Their methods are not showing to be effective, whereas the Permaculture/Transition approach will not only put them and their community in a more secure position, it just might also “have a chance of stopping the juggernaut of consumer capitalism from driving the world over the climate change cliff.”

And yet, the way Holmgren’s position is being presented in the blogs, you might think he was saying the opposite. Such was the impression of Lou, who left this comment on Hopkins’ blog:

If you agree with David [Holmgren] come and join us at [Deep Green Resistance link]…

Holmgren states up front in the introduction that “this provocative idea is intended to increase understanding.” This indicates to me that he’s using the suggestion at least partially as a rhetorical device.

On page 14, Holmgren writes:

An argument can be mounted for putting effort into precipitating that crash, the crash of the financial system. Any such plan would of course invite being blamed for causing it when it happens.

Note that he doesn’t mount the argument, he instead, choosing his words carefully, says “an argument can be mounted.” Then, a few paragraphs later:

Before considering whether this is a good idea or not, I want to consider whether concerted action by limited number of activists could bring it about?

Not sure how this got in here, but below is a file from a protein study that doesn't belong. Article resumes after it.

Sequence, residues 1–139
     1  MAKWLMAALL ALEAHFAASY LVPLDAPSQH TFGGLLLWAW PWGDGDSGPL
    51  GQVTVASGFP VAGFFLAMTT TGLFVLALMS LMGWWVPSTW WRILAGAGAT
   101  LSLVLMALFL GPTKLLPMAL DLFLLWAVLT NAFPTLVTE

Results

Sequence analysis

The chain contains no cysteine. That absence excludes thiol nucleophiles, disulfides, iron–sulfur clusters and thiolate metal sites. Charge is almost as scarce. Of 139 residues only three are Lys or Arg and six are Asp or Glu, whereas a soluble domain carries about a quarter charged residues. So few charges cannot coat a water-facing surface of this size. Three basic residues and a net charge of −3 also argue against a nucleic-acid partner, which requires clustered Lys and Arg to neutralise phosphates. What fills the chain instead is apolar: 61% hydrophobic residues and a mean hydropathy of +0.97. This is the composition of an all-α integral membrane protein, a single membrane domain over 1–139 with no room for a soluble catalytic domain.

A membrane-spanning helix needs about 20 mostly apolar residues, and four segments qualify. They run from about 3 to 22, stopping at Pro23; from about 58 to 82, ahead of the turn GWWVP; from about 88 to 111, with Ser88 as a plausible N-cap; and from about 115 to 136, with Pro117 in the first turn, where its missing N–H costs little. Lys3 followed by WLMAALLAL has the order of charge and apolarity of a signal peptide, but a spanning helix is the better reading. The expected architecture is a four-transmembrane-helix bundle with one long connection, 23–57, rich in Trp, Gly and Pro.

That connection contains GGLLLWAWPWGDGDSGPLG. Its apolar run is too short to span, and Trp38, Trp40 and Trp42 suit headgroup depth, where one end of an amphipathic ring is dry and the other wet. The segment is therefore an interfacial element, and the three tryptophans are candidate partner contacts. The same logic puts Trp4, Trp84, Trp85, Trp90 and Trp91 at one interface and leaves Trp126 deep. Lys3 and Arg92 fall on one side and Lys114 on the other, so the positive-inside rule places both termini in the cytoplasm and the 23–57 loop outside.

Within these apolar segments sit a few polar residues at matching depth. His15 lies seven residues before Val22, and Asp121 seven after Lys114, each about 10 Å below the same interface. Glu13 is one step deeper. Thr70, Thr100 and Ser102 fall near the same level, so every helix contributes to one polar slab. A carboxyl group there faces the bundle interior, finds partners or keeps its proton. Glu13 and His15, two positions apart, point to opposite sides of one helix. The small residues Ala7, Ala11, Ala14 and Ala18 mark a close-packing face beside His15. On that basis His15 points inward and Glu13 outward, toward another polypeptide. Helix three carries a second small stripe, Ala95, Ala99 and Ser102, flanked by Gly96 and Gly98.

He has still not decided whether this thought experiment is a good idea or not. Now notice the nuance in Holmgren’s words as he concludes Crash on Demand:

Conclusion

Mass movements to get governments to institute change have been losing efficacy for decades, while a mass movement calling for less seems like a hopeless case. Similarly boycotts of particular governments, companies and products simply change the consumption problems into new forms.

I believe that actively building parallel and largely non-monetary household and local community economies with as little as 10% of the population has the potential to function as a deep systemic boycott of the centralized systems as a whole, that could lead to more than 5% contraction in the centralized economies. Whether this became the straw that broke the back of the global financial system or a tipping point, no one could ever say, even after the event.

Discussing such possibilities may be counterproductive and may brand us as crazy people, a doomsday cult or even terrorists. Maybe it is better to keep focusing on the positive aspects of these bottom up changes that are acceptable to the average citizen, better physical and mental health, more fun and empowered children who can survive and thrive in a world of dramatic transformation, while minimizing our contribution to harm to nature and others.

On the other hand, bringing these issues out in the open might inspire desperate climate and political activists to put their substantial energy into permaculture, Transition Towns, voluntary frugality, and other aspects of positive environmentalism. It just might stop the monster of global growth after all other options have been exhausted. Rather than spurning financial system terrorists, we would welcome the impacted and vulnerable to the growing ranks of terra-ists with their hands in the soil.